IT'S about 1:13 p.m. in Washington when the member from Orkney and Shetland concludes his remarks. The House - not yet into its 5-cent coin debate - is considering whether or not to encourage people to celebrate the 140th anniversary of President Lincoln's Emancipation Proclamation. California Rep. Dana Rohrabacher (R) notes that he recently had the opportunity to appear in the Civil War movie "Gods and Generals" and understands "the suffering" that war entails: "Now our nation stands on the brink of another war that will bring suffering as all wars do, but will have noble ends: the destruction of evil." He cites a line from the film: "War is a scourge, but so is slavery." As he speaks, phone lines all over Capitol Hill are down because of the volume of calls from peace protesters, who targeted the Congress on Wednesday.
Meanwhile, in the Senate, lawmakers were carrying on an unusual filibuster on a presidential judicial nominee. Both parties blamed the other for the impasse since Feb. 5 on the nomination of Miguel Estrada to US appellate bench.
For Vermont Sen. Patrick Leahy, top Democrat on the Senate Judiciary Committee, filling out those long stretches of filibuster (a term Democrats prefer not to use) to a near-empty chamber required frequent pauses to study a spiral notebook with the lowdown on Mr. Estrada. It includes, for example, the observation that while Estrada did edit the Harvard Law Review, he was not the main editor: There were, in fact, 70 law students who also edited the review at the same time, said Mr. Leahy, looking up for emphasis. Moreover, a nominee who had actually supervised all those law students never got a hearing when Republicans controlled the committee. The "debate" goes on past midnight.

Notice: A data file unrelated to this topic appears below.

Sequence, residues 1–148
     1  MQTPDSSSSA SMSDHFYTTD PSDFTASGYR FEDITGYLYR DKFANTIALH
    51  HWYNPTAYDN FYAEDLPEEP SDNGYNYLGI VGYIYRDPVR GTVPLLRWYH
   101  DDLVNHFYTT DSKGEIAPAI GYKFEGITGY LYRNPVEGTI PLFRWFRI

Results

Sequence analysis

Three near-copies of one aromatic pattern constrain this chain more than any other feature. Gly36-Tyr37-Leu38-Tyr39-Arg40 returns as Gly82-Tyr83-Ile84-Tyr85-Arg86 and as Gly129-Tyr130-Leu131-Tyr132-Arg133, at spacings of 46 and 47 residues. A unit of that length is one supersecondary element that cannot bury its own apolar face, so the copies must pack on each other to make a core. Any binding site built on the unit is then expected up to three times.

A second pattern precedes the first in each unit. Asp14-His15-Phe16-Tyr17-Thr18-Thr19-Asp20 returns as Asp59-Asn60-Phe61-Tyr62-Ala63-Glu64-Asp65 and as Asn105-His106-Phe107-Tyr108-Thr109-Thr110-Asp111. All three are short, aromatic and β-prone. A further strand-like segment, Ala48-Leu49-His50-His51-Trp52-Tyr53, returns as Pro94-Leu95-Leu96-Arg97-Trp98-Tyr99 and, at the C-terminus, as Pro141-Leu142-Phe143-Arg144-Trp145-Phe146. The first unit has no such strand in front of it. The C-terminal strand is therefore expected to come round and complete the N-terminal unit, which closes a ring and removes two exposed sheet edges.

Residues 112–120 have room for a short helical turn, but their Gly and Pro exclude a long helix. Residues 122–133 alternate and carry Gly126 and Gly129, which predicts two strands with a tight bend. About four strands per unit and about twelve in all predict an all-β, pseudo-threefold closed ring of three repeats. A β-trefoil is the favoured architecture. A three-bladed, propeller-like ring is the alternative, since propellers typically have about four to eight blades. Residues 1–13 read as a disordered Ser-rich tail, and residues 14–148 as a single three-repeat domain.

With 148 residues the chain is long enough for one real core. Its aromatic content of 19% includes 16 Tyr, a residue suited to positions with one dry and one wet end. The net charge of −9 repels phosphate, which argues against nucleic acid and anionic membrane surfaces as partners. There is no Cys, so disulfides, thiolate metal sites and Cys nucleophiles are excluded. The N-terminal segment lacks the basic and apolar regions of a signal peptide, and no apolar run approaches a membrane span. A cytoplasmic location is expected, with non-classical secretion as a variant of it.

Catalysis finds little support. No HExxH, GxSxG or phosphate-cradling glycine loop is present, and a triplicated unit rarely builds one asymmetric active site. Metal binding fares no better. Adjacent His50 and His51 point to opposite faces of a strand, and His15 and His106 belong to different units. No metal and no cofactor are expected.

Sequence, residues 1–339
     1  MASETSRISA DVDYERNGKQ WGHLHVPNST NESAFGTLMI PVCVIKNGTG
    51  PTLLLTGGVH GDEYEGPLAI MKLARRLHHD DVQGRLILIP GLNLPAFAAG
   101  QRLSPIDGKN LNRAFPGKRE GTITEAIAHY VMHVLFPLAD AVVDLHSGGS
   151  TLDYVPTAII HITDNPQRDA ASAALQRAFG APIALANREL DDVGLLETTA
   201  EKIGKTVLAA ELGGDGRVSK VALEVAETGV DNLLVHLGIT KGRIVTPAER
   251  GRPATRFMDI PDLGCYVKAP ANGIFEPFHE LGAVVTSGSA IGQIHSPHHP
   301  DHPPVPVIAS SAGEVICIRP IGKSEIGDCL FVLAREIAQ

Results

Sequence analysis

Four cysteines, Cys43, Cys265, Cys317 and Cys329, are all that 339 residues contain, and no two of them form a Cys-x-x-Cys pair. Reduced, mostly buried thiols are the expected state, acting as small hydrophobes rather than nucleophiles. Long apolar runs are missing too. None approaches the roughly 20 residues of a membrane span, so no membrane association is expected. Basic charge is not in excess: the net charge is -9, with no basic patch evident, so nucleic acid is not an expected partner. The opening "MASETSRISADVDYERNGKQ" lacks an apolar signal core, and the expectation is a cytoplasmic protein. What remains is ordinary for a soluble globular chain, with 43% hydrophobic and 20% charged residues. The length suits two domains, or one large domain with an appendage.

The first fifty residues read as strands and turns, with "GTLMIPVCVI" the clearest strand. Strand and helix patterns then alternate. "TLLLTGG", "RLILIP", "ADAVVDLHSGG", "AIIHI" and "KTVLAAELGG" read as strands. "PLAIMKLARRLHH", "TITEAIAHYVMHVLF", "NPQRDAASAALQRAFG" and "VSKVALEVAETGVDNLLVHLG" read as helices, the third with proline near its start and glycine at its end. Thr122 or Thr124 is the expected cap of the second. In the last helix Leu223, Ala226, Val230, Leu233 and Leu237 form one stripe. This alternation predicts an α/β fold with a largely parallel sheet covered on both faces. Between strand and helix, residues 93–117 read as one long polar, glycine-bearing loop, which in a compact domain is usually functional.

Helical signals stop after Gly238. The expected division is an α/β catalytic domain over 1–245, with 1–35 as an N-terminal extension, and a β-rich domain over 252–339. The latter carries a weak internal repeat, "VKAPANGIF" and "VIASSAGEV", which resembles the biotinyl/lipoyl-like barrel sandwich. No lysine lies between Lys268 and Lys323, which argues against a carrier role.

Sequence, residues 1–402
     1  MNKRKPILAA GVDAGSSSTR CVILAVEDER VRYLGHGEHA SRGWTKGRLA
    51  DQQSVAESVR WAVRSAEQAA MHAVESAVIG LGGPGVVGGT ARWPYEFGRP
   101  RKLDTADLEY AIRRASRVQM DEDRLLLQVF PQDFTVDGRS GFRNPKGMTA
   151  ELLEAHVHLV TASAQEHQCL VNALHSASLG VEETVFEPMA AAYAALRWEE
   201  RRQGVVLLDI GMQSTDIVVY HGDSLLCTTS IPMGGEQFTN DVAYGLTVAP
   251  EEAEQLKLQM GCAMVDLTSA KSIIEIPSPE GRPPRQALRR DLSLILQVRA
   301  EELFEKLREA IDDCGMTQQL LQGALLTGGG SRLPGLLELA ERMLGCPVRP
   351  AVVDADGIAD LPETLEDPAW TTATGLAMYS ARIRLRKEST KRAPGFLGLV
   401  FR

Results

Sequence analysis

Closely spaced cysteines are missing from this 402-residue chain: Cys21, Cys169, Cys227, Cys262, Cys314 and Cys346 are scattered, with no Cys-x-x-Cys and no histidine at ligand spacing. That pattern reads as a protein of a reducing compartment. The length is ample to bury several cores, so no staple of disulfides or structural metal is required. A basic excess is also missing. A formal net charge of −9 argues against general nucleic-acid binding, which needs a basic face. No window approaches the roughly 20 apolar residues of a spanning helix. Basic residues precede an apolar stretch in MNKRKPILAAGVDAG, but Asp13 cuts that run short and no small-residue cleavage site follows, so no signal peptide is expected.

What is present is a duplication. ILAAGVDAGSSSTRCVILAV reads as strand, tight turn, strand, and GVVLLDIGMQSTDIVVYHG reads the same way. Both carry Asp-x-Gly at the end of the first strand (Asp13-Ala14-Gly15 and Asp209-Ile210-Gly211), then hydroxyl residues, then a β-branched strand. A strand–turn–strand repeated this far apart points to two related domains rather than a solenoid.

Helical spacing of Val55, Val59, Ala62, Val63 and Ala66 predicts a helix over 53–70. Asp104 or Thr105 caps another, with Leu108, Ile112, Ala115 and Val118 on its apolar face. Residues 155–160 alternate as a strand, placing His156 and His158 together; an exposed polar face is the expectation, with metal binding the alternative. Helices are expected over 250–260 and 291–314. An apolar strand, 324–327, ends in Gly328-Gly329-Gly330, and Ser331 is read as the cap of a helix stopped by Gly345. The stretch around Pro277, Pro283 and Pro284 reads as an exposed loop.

So, why do American lawmakers seem to be fiddling while Brits fume?
Analysts point to several explanations. One is that Sept. 11 profoundly shifted the terms of foreign-policy debate in the United States. "Before 9/11, a vote against going to war might have courted unpopularity, but it didn't carry with it a suggestion of lack of patriotism or concern about the national security of America," says Mr. Baker of Rutgers.
The last time Congress debated the nation's policy on the use of force in Iraq Oct. was 11, 2002, just before Bush made his case to the United Nations - and few lawmakers are eager to take it up again.
Democrats worry that a new debate and vote on the war would give President Bush and Republicans cover in the next election if the war goes badly. Instead, Democrats are delivering a spate of nuanced position papers on the war
"You won't see a debate officially on the floor of the Senate or House, but unofficially and publicly in speeches, there is quite a bit of debate about it," says Sen. Ben Nelson (D) of Nebraska, just back from trip to South Korea with Secretary of State Colin Powell. He credits such behind-the-scenes pressure with convincing the Bush administration that it needed more international support before going to war.
The trouble is, he adds, these behind-the-scenes discussions don't "serve the American people" as well as a debate on the floor of the Senate.